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ERCP training
  1. D BULLIMORE
  1. Barnsley DGH Trust, Gawber Road
  2. Barnsley, South Yorkshire S75 2EP, UK
  3. dwwbullimore{at}compuserve.com

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Editor,—The leading article “ERCP training —time for change” by Hellier and Morris (

) addresses important issues. Views as to how endoscopic retrograde cholangiopancreatography (ERCP) training should change may vary considerably between those in the average district general hospital (DGH) serving 220 000–250 000, and those in larger units, frequently serving populations of around 500 000.

Firstly, those without ERCP training but additional skills elsewhere will soon find themselves a favoured species. What price a skilled ultrasonographer? Advertising recently for a third consultant gastroenterologist to join two who undertook ERCP, we specified that ERCP was a skill not required. We felt an additional ERCP practitioner would dilute experience and eventually skill. Many DGH trusts are in a similar position with two consultants already in post who can provide sufficient ERCP cover and they do not want a third.

Secondly, the quality of training is largely dependent on two factors: the skill of the trainer, both in relation to ERCP and as an educationalist, and the case exposure available to the trainee. Frequently in a DGH there is only one trainee and case exposure is high. In a larger centre, while the number of ERCPs undertaken may be twice as great, there are frequently 3–5 trainees wanting to gain experience and “hands on” case experience is unavoidably less.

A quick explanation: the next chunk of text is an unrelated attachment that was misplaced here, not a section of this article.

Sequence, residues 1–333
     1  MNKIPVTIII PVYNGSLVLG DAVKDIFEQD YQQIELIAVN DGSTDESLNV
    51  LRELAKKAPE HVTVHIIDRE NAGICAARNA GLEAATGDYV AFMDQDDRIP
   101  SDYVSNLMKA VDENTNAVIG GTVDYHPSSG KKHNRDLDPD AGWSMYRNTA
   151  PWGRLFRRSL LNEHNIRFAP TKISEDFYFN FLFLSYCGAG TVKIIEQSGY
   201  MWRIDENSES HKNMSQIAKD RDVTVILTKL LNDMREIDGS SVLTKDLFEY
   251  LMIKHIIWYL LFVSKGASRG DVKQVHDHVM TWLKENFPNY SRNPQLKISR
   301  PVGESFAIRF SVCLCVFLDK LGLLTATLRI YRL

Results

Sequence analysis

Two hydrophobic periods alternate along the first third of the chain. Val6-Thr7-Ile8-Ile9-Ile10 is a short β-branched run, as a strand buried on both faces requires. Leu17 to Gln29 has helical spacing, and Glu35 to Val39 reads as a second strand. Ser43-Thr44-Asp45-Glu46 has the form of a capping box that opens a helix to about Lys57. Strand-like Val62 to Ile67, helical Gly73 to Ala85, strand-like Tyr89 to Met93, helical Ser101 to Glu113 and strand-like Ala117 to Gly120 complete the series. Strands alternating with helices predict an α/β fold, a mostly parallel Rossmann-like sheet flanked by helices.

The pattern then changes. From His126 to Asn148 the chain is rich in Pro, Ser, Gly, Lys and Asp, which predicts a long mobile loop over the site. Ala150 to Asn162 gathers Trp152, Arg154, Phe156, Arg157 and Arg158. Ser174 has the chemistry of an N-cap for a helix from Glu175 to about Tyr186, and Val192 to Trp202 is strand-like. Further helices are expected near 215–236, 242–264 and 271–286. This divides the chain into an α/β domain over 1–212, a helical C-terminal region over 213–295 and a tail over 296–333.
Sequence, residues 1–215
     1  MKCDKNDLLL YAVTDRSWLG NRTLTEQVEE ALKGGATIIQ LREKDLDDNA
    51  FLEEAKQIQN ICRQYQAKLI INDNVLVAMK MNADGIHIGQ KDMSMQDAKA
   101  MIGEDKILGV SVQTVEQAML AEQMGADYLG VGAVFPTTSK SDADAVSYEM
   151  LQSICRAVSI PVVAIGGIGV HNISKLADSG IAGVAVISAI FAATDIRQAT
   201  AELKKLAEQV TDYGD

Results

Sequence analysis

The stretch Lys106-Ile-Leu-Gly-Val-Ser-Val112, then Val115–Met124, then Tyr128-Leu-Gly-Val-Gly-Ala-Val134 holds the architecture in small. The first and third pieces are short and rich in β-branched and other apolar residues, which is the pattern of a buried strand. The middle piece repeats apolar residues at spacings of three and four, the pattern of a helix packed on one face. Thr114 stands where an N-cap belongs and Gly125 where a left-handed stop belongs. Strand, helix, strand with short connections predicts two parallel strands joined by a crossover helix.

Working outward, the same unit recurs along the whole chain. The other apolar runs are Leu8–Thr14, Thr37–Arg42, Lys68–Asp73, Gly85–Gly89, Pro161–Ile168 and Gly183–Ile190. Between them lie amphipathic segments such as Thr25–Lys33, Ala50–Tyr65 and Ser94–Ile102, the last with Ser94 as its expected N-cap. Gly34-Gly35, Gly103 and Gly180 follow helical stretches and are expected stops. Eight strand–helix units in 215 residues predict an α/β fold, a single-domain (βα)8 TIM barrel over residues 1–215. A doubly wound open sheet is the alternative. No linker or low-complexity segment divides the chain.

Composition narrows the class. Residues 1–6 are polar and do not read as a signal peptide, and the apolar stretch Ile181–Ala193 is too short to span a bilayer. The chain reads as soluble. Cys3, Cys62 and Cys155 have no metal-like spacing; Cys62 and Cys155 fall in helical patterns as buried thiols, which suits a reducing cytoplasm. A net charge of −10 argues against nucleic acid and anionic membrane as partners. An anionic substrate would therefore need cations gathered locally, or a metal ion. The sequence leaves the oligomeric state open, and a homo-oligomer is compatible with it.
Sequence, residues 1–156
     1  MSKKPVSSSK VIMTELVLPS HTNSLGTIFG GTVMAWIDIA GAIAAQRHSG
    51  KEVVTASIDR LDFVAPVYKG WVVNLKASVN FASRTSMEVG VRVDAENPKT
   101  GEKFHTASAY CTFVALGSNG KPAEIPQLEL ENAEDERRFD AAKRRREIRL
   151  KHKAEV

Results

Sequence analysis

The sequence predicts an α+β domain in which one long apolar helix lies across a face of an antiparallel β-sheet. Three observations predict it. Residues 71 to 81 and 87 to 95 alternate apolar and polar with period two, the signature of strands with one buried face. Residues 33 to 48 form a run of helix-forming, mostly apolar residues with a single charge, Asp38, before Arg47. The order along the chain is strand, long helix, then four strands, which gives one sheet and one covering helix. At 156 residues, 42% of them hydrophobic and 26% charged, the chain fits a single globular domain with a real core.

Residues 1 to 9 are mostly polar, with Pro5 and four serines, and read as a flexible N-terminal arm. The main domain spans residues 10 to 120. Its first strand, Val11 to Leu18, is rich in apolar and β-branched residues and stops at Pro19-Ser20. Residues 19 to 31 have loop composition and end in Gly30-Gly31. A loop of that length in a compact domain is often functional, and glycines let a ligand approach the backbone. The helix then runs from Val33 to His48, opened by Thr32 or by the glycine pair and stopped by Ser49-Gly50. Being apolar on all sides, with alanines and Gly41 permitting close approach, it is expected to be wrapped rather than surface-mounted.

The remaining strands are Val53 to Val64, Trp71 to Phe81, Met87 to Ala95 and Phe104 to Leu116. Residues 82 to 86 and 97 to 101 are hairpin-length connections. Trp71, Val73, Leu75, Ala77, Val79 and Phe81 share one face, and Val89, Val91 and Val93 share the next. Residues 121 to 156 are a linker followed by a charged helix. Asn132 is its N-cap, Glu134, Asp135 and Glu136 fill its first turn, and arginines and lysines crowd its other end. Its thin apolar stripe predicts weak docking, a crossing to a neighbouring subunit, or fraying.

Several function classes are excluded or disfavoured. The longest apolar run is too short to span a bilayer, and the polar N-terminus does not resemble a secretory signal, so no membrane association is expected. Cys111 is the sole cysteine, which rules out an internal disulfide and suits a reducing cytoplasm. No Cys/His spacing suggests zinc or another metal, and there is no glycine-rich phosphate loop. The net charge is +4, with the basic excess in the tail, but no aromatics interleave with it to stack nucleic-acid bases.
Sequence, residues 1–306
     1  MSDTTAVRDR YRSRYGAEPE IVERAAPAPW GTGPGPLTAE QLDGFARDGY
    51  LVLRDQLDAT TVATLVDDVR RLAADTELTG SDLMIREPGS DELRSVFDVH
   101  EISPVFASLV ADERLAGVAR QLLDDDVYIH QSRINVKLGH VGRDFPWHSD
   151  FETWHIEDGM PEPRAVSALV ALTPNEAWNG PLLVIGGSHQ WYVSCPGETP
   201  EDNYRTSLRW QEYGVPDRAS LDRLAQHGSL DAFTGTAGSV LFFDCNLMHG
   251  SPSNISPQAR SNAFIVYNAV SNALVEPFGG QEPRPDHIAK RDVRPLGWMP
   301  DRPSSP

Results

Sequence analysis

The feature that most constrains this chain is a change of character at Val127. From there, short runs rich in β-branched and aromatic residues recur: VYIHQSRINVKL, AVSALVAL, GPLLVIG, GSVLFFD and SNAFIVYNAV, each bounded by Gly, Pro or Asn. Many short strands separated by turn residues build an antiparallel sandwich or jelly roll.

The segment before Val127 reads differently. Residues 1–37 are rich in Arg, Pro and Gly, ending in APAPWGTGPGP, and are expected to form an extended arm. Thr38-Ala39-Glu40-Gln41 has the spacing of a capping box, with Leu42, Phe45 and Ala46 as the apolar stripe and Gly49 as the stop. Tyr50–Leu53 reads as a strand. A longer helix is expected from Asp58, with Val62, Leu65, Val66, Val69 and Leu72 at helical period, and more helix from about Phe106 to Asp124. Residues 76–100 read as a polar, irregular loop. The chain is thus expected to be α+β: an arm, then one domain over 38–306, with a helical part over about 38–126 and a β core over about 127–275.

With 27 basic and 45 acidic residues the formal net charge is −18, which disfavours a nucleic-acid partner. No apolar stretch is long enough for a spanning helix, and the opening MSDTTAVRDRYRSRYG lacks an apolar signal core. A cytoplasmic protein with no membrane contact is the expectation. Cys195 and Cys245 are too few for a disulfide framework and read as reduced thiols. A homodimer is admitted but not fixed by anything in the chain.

I am sure that I am not alone in finding that some attached SpRs have improved rapidly when exposed to a regular weekly list, an exposure that they were unable to achieve at their main teaching centre where teaching was otherwise excellent, simply because of pressure of the number of trainees on lists.

If the final decision is that units undertaking less than an arbitrary number of procedures (currently 250) are not to train SpRs, there are obvious consequences for training beyond further loading of the teaching centres which are already overstretched. It means that if an SpR is attached to a DGH at a late stage of training, when she is competent to undertake procedures independently, as judged by the main teaching centre, she will be unable to consolidate her skill at the DGH during the attachment. This is because it would be unwise from the clinical governance and medicolegal standpoint for a consultant or trust to allow anyone still defined as being a “trainee” near an ERCP if the unit is not a Joint Advisory Group (JAG) approved training centre.

The top centres in the country have practitioners the skill of which we all admire but few of us working elsewhere could ever approach. They provide excellent live demonstration teaching days and at times informal and friendly one to one advice from which we greatly benefit. Attendance at such live demonstration days should be a required component of all trainees' training and regularly considered for CPD by trainers.

Finally, my recent experience of SpR applicants for a consultant post had its illuminating aspects. The stated experience of some was such that they had apparently undertaken ERCPs independently on the equivalent entire average clinical load for a DGH for a three year period and this was for a post where ERCP was not required. I did wonder how trainers were maintaining any skill at all.

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